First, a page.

Each year thousands of representatives of the art world assemble for the College Art Association’s annual meeting. Bryn Mawr College’s History of Art department was as well represented as ever. This year’s Los Angeles event featured a number of talks and panels organized by the college’s distinguished faculty, graduate students, and alumnae.
Notably, History of Art Professor Homay King organized and chaired the panel “Race and Deleuze: Representation, Affect, Art” in which she presented the paper “Anna May Wong and the Color-image.” Several Bryn Mawr graduate students from History of Art delivered inspired talks on their ongoing projects. Ph.D. Candidate Michelle Smiley presented an excerpt of her dissertation in the talk “Formless: The Chemical Origins of Photography” in which she considers ephemeral chemical spectacles in the context of the scientific development of photography. Also in attendance was Ph.D. Candidate Jamie Richardson, who gave the talk titled “All in the Family: Northern European Artistic Dynasties, ca. 1350-1750,” sponsored by Historians of Netherlandish Art. Jamie’s paper examines dynasty of the Francken family dynasty, based in Flanders from ca. 1520-1717. First year graduate student Meg Hankel was also in attendance.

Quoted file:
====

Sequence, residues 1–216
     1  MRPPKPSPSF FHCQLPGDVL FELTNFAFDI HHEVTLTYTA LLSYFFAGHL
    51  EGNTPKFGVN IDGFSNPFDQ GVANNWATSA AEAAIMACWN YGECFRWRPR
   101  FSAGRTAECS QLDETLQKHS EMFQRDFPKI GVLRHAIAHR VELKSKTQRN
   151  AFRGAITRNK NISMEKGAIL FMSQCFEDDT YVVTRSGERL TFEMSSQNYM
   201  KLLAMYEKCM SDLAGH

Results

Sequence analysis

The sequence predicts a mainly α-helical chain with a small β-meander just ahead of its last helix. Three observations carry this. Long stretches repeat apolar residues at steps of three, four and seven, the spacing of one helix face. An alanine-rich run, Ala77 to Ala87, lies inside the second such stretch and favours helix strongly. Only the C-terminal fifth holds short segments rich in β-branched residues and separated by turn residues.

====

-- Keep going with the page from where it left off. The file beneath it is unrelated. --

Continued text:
In a panel organized by alum Jennie Hirsh (Ph.D ’03) called Performance, Voice, and Embodiment: Ventriloquism in Contemporary Art” alumnae Isabelle Loring Wallace (Ph.D. ’99) “Voice, Vivification, and Subjectivity: Jasper Johns “Ventriloquist” (1983)”, and Michael Jay McClure (Ph.D. ’06) “Like I’m Dead: Sharon Hayes, Patty Hearst, and the Dummy Self” each presented research related to ventriloquism in contemporary art. Historian of the artist Ray Johnson, Johanna Gosse (Ph.D. ’14) drew together the interces of class and pop art in “Nice Work (if you can get it): Ray Johnson and the Political Economy of Pop Art.”